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Home Construction Permits Soared in May

[Post Category: Industry News]

Permits for home construction in the United States surged to a nearly eight-year high in May, suggesting a building up of momentum in housing and the broader economy after a dismal performance at the start of the year.

While housing starts fell last month, that followed a robust gain in April, and groundbreaking remained at levels consistent with a strengthening housing market.

The improving fortunes for housing, shown in rising home prices and sales, will probably be acknowledged by Federal Reserve officials, who started a two-day policy meeting on Tuesday. Policy makers have repeatedly singled out housing as a weak spot in the economy.

“Residential construction has been the laggard in this recovery, and the moonshot surge in new permits today means the final piece of the recovery puzzle is now falling into place,” said Chris Rupkey, chief financial economist at MUFG Union Bank in New York.

Building permits jumped 11.8 percent to a seasonally adjusted annual pace of 1.28 million units, the highest since August 2007, the Commerce Department said. It was the second straight month of increases. Permits have been above a one million-unit pace since July.

Groundbreaking dropped 11.1 percent to a rate of 1.04 million units. Though that partly reversed the prior month’s large gain, April starts were revised up to a 1.17 million-unit rate, the highest since November 2007.

The Commerce Department report came on the heels of solid reports on retail sales, consumer confidence and employment that have suggested the economy was rebounding from the first quarter’s soft patch, when gross domestic product contracted.

Home building has regained ground lost during a harsh winter and there are signs activity will accelerate this year as tightening labor market conditions spur stronger wage gains and encourage young adults to establish their own households.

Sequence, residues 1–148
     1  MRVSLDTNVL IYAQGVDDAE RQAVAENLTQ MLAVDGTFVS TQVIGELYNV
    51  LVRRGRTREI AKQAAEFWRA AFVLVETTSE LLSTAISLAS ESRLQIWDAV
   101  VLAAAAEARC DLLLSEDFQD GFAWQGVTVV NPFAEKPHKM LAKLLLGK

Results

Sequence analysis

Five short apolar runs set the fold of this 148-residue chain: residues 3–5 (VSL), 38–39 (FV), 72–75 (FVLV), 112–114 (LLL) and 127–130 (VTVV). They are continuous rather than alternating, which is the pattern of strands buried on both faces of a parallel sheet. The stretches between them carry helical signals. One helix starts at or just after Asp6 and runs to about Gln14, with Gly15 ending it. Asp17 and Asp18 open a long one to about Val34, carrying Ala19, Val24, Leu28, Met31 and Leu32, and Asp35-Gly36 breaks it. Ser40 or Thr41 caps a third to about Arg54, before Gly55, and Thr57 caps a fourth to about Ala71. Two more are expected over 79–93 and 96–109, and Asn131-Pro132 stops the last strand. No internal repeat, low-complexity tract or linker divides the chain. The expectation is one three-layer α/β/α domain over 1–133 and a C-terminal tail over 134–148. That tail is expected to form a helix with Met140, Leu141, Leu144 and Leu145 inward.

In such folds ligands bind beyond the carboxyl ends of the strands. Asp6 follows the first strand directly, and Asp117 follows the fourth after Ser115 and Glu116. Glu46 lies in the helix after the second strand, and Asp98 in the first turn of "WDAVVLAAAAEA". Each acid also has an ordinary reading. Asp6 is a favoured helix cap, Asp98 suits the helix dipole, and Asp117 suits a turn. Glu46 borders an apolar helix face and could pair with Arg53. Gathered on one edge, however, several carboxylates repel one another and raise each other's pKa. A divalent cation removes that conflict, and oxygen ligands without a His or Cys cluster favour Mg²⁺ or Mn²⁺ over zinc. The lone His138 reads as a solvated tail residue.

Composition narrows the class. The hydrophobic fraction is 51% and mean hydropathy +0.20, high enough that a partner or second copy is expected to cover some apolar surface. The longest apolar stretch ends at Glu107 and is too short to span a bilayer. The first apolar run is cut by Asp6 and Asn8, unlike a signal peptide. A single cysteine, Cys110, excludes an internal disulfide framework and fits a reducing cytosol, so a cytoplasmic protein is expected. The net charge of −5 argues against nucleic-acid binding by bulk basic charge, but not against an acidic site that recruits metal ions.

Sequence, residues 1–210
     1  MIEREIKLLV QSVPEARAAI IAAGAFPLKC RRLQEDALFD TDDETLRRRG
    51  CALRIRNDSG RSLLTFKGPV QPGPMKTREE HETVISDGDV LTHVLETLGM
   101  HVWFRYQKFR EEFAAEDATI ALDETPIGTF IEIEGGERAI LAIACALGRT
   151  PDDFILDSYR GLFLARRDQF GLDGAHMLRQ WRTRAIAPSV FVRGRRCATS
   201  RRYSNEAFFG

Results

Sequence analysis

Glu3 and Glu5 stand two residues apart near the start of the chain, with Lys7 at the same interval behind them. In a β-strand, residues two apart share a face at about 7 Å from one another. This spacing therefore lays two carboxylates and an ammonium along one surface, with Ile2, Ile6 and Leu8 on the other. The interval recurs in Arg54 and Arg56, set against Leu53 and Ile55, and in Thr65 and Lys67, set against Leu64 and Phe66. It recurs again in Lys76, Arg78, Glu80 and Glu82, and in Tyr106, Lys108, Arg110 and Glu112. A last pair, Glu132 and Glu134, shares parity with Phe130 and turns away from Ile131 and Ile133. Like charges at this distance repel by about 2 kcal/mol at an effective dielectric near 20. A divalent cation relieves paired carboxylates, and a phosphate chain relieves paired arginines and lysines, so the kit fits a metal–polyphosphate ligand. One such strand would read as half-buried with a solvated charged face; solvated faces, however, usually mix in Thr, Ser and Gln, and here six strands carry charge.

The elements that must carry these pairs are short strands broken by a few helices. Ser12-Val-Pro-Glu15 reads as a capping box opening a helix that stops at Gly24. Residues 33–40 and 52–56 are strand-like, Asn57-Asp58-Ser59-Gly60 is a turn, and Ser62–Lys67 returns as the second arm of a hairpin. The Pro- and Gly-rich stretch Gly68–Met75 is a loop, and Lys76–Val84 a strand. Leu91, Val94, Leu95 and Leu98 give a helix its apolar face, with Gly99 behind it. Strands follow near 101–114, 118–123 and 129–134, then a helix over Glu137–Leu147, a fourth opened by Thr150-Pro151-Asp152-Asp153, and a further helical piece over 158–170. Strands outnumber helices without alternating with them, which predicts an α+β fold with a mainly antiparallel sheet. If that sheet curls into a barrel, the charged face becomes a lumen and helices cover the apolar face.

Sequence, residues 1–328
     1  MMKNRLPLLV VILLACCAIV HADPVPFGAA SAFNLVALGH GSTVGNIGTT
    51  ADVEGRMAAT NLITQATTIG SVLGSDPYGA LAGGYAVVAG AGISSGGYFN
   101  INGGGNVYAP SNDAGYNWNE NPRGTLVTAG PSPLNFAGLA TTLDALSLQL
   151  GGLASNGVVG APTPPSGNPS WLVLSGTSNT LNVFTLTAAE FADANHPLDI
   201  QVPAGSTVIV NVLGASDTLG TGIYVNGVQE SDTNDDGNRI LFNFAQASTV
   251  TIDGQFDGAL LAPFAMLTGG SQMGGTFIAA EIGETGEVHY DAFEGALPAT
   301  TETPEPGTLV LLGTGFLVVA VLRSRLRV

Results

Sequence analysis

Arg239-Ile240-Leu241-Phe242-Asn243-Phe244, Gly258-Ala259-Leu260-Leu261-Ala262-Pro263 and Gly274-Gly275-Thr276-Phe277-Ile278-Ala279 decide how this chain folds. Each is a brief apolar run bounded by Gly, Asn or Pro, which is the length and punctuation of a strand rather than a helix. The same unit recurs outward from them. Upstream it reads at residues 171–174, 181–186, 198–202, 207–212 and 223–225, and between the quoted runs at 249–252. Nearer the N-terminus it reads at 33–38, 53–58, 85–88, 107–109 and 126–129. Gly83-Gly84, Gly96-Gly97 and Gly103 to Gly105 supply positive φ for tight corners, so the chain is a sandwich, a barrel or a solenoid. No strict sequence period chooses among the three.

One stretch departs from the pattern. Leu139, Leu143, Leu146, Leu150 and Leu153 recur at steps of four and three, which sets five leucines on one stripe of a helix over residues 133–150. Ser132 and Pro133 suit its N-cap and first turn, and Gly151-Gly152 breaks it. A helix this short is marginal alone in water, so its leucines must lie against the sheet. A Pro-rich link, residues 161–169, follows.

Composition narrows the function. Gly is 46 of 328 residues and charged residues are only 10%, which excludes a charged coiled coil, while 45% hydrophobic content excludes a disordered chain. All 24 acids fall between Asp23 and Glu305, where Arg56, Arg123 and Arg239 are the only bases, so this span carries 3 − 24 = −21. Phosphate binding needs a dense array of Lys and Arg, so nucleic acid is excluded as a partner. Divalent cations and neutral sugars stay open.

Economists anticipate that the housing market will strengthen enough to take up some of the slack from the struggling manufacturing sector and support economic growth.

Building permits for single-family homes, which account for the largest share of the market, increased 2.6 percent to their highest level since December. Building permits for the volatile multifamily segment soared 24.9 percent.

Permits for buildings with five units or more increased to their highest level since January 1990. The multifamily sector is being driven by demand for rental accommodation as more people move away from homeownership.

Permits in the Northeast vaulted to their highest level since March 1987 and were at a near one-year high in the Midwest. They fell, however, in the South and West.

Groundbreaking for single-family homes dropped 5.4 percent to a 680,000-unit pace. Multifamily starts tumbled 20.2 percent to a 356,000-unit rate.

Groundbreaking fell in all four regions, declining a steep 26.5 percent in the Northeast after April’s spectacular gains. Starts in the South, where most of the home building takes place, dropped 5 percent.

 

as appeared on New York Times





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